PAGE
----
Raymond King’s Moment in the doctor’s office led him to leave bank, lead Zoo Atlanta
By Chris Schroder
Zoo Atlanta President and CEO Raymond King remembers the Moment the doctor looked him in the eye and said, “You’ve got lymphoma.” Today, he looks back on it as a blessing.
“I often joke with people that if you can be guaranteed of surviving it, then I would recommend cancer to you because of what it does to your outlook on life and how it allows you to see how blessed you are,” Raymond said.
In 2009, Raymond was 45, in perfect health and enjoying a successful career at SunTrust bank as senior vice president of community affairs. He remembers distinctly the Moment when he and his wife heard his doctor utter those words.
“We never cried. We never got mad. We just knew this was something we’d have to tackle and we went into action mode.”
Raymond had a good prognosis and the disease likely wasn’t life threatening. He underwent treatment that included six rounds of chemotherapy and three weeks of radiation. While the treatment process wasn’t favorable, he said being able to sit on his back porch in the spring during his recovery made it bearable.
“You have a lot of down time as you recover from something like that,” King told us in our accompanying Moments HD video. “You get to spend a lot of quality time with those who love you.”
“Friends I didn’t even know I had came out of the woodwork and friends I knew I had sent texts and called me daily and [SunTrust] could not have been more supportive of me.”
The downtime provided opportunities of reflection for King and a new outlook on life. He refers to that period as his “It’s a Wonderful Life” time – a time to live his favorite movie in which he was able to see just how blessed he was.
Because he was “blessed” with this health challenge, Raymond says he was able to look at his life and career through this new lens and evaluate a career change that he otherwise would have overlooked. So when Dennis Kelly resigned his leadership position at Zoo Atlanta in 2010 to accept a similar role at the National Zoo in Washington, D.C., the search committee approached Raymond about succeeding him.
“I’ve never been one for a lot of change – but you realize that life’s fragile.”
Raymond, who was born and raised in Atlanta and attended Georgia Tech, admits that leaving his job at SunTrust – his first professional job out of college – took some coaxing from his wife. With his new lease on life, he agreed to take the leap and leave his 22-year career to lead Zoo Atlanta.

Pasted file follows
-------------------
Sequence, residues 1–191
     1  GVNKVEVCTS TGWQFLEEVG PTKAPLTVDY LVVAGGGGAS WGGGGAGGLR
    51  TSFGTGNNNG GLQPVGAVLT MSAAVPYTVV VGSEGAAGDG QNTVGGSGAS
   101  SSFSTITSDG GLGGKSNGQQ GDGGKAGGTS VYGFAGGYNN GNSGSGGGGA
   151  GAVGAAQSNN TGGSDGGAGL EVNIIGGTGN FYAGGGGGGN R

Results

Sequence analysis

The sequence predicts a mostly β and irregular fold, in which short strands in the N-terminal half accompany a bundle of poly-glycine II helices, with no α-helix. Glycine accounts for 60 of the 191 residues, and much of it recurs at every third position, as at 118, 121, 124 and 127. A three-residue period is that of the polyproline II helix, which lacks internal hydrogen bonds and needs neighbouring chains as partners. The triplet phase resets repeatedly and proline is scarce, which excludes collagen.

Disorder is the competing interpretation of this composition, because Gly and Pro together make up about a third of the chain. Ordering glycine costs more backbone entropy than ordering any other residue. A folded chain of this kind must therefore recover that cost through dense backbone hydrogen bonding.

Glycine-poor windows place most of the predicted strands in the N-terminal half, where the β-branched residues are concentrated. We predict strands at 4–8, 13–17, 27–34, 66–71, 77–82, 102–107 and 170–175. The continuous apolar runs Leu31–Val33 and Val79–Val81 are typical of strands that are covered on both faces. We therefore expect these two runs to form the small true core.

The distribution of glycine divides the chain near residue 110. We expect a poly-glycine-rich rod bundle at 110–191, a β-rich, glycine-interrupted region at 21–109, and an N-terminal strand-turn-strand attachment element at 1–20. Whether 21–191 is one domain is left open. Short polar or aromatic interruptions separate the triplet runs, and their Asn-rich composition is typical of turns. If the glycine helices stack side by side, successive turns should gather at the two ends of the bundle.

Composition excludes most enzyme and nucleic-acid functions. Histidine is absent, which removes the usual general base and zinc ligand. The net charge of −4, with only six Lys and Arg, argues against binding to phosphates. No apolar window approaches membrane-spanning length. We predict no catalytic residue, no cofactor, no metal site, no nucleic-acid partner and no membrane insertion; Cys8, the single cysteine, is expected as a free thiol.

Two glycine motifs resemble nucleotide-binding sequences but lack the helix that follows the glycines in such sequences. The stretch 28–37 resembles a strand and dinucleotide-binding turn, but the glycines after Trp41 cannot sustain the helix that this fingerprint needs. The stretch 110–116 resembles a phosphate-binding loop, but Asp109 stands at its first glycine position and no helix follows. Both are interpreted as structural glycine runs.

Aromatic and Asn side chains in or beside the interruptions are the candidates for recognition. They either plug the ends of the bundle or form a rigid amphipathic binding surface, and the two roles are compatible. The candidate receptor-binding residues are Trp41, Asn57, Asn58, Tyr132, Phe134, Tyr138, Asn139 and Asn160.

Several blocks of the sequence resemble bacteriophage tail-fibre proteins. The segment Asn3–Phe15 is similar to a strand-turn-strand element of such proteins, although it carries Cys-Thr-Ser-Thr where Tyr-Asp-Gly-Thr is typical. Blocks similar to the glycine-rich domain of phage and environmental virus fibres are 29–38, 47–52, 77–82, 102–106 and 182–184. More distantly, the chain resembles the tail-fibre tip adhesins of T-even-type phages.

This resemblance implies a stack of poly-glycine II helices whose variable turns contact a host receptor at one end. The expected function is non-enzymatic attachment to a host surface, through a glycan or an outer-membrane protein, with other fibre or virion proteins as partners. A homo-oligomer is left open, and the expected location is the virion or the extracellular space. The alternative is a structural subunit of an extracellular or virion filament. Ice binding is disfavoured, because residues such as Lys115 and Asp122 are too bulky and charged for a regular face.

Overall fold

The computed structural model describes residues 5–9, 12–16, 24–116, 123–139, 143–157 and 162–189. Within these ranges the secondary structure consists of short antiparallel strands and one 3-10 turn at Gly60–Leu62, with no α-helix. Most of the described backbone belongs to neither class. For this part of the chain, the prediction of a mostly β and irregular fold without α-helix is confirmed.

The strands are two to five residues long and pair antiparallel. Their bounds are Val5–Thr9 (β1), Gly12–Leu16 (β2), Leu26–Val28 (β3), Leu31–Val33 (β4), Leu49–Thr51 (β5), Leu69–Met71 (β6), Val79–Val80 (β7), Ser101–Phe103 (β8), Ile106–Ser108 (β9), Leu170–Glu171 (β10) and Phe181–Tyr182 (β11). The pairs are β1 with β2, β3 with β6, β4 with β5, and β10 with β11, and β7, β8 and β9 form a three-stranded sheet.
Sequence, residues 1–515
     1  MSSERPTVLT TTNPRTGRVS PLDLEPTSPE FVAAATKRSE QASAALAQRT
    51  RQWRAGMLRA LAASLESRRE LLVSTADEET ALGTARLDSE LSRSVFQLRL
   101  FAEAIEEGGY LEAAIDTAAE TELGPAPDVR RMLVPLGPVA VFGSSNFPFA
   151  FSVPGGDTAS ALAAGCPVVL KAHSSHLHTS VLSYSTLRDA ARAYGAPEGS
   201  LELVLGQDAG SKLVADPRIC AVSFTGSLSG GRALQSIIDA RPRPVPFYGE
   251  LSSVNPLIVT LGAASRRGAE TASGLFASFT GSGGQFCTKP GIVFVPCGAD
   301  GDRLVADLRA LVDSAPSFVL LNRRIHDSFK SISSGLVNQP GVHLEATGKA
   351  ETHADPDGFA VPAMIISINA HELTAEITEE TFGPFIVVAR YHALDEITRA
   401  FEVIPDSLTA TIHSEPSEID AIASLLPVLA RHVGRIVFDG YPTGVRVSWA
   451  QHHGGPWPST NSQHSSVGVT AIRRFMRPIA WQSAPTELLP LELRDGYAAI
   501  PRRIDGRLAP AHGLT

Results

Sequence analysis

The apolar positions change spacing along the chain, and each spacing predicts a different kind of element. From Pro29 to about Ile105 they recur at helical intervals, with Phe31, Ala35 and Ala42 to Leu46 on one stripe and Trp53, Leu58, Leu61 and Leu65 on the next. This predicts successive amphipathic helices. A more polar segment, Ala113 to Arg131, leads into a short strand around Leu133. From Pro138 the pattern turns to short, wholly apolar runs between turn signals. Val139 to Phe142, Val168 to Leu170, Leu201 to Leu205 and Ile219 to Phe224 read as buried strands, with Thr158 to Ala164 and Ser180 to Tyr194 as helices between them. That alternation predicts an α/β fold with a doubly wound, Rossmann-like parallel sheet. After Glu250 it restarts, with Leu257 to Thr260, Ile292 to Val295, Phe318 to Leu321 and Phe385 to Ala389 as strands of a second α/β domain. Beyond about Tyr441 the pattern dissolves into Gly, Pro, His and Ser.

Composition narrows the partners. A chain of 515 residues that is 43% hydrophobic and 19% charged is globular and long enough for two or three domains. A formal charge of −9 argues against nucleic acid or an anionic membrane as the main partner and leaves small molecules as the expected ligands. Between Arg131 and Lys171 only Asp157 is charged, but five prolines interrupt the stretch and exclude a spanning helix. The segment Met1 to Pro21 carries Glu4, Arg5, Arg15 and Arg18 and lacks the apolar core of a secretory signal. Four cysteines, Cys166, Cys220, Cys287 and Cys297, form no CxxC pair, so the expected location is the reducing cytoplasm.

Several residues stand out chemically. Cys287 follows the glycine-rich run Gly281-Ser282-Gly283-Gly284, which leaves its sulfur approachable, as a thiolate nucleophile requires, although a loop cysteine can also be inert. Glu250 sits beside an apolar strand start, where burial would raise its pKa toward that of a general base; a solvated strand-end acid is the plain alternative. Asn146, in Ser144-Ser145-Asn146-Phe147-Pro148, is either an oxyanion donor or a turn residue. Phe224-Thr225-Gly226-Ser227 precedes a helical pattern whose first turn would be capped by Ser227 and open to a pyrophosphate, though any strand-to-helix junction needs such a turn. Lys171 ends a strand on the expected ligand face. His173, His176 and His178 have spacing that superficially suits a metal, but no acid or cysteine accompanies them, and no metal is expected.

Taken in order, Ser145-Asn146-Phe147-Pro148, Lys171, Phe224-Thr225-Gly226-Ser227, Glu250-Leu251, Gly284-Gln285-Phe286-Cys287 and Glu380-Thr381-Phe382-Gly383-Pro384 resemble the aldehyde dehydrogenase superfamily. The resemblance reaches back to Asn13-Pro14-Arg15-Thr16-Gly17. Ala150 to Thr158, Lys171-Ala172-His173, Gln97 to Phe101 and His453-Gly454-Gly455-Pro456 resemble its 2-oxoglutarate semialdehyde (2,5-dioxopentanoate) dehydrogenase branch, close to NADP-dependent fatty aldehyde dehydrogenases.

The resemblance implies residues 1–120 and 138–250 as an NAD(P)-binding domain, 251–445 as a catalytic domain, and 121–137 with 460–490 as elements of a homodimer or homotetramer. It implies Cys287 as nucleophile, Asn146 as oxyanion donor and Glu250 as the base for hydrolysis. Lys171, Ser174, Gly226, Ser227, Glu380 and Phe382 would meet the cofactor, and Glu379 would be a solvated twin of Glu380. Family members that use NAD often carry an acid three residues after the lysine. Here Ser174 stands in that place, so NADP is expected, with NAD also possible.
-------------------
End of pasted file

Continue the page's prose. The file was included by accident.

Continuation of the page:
The new position leveraged his banking mindset, philanthropic experience and expanded his opportunity for civic leadership. At SunTrust, King chaired seven nonprofit boards including Fernbank Museum of Natural History, Regional Business Coalition, Metro Atlanta Arts & Culture Coalition and Committee for a Better Atlanta. But his position at Zoo Atlanta would take him to new heights, managing a $16 million budget, being responsible for hundreds of exotic animals from all over the world and leading a staff of dedicated professionals – many of whom had earned PhDs in numerous fields.
“I can’t say I had a master plan that one day I was going to run the Zoo,” he said. “But I got that opportunity and it has been a wonderful success so far.”
In his first two years, he and his team grew annual attendance at the zoo by 30 percent and membership now approaches more than 40,000 households.
But running a zoo isn’t just about increasing memberships – Zoo Atlanta takes on local, national and global research projects and facilitates initiatives to make wildlife more sustainable. For instance, as it cares for the nation’s largest collection of gorillas, Zoo Atlanta also leads research to find appropriate cardiac care for the animal.
Zoo Atlanta takes great prides in its education camps and programs for children – who continue to be the facility’s biggest fans and provide Raymond with one of the most rewarding facets of his job.
“I can have a frustrating budget meeting, but there is nothing better than being able to walk out into that zoo and see a young child with his or her parents or school group and just see their eyes popping,” he said. “And I realize, that’s why I’m here, sitting in that budget meeting.”
Those wide-eyed children are one of the things King saw and appreciated during his time of reflection with this cancer treatment. His daughter, who was 8 years old at the time he was diagnosed with cancer, had nurtured her own dreams of one day becoming a zookeeper. He admits she was hesitant about him taking the role at the zoo at first but now it serves as a bonding opportunity for the two to share their love for animals and the zoo.
“I don’t think I would have even gone on the path of interviewing for the job if I hadn’t had that Moment in 2009,” he said. “Life’s fragile and you better seize every opportunity you get because you may not get that opportunity again.”
Next week in Moments: Meredith Leapley, construction firm owner, on the Moment she had to decide what to do when her father announced he was closing the only business for which she worked.
Video by Mehran Moin. Research and writing assistance by Bailee Bowman of Schroder PR.
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